The 'Empire Windrush generation' controversy has rightfully loomed large in the UK media in recent months – but there's more to the fascinating story of the ship whose name has become synonymous with West Indian immigration.
Originally named Monte Rosa and launched in 1930, the 13,882grt vessel was the last of five sisterships built for the German operator Hamburg Süd. Powered by four oil-burning, four-stroke single-acting MAN diesel engines of 6,880hp each, the ship was capable of up to 14.5 knots and carried up to 1,150 passengers in cabins and 1,350 in dormitories.
Monte Rosa spent two years running cruises to Norway, the UK and the Mediterranean before being taken over by the Nazi regime in 1933 to offer Mediterranean cruises to workers through the Kraft durch Freude (Strength Through Joy) programme.
In 1940, the ship was taken over for military use – initially serving as garrison ship, then as a troopship, a transport ship (deporting Jewish people from Norway), a repair ship, a hospital ship and a store ship.
In the autumn of 1945, Monte Rosa was taken as a British war prize, fitted out as a troop transport ship and renamed Empire Windrush in January 1947. Owned by the Ministry of Transport, the vessel was operated by the New Zealand Shipping Company and registered in the port of London.
It was 70 years ago, in June 1948, that Empire Windrush arrived in the port of Tilbury with the first large group of immigrants from the Caribbean. The total is often reported as 492, but new research puts the figure as 802 Trinidadians, Jamaicans and Bermudans – as well as a few stowaways – who had been invited to the UK to alleviate post-war labour shortages.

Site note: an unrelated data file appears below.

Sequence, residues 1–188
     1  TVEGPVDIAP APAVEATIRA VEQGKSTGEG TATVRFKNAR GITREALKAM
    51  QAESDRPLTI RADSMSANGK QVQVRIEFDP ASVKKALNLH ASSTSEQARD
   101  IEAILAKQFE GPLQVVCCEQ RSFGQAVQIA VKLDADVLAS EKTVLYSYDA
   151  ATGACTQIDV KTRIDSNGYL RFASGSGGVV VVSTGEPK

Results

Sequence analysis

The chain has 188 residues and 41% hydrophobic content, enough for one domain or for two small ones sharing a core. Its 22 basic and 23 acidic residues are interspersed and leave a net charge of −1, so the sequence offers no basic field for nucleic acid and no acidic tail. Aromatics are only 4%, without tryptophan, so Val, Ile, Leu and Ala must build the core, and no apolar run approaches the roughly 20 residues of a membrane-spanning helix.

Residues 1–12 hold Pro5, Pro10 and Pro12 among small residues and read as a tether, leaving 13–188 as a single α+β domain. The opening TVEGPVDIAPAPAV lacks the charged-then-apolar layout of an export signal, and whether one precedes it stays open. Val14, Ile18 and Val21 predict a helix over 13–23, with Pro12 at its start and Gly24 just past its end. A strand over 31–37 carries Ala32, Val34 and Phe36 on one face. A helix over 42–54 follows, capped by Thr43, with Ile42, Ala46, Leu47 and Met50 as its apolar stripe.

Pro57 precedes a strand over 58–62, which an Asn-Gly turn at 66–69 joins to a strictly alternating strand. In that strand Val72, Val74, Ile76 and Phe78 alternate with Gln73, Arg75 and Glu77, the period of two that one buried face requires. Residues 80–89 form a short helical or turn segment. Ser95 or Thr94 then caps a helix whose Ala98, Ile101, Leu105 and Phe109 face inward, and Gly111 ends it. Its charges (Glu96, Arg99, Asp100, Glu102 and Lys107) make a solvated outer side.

Although remembered for just one voyage, Empire Windrush had an eventful career including Nazi holiday cruises and Korean War troop transportation.
As a troopship, Empire Windrush operated between the UK, the Middle East and the Far East, and its final voyage began in February 1954, carrying 1,265 passengers – including soldiers from the Korean War, together with military personnel and their families from Hong Kong and Singapore – and 234 crew.
The voyage was delayed by a series of engine breakdowns and mechanical problems, and on 28 March, some 55 miles off the coast of Algeria, Empire Windrush suffered an engineroom fire and explosion. Four members of the crew were killed, but the remaining passengers and crew were safely evacuated and rescued by other ships, including the Dutch vessel Mentor, the P&O passenger/cargo ship Socotra, the Norwegian vessel Hemsefjell and two Italian ships.
The Royal Navy destroyer HMS Saintes managed to attach a tow to Empire Windrush, and began to tow the ship to Gibraltar – but in worsening weather, the vessel sank in the early hours of 30 March after being towed less than 9nm.
A subsequent formal investigation concluded that the most probable cause of the incident was a fractured oil fuel pipe, leading to an intense fire.
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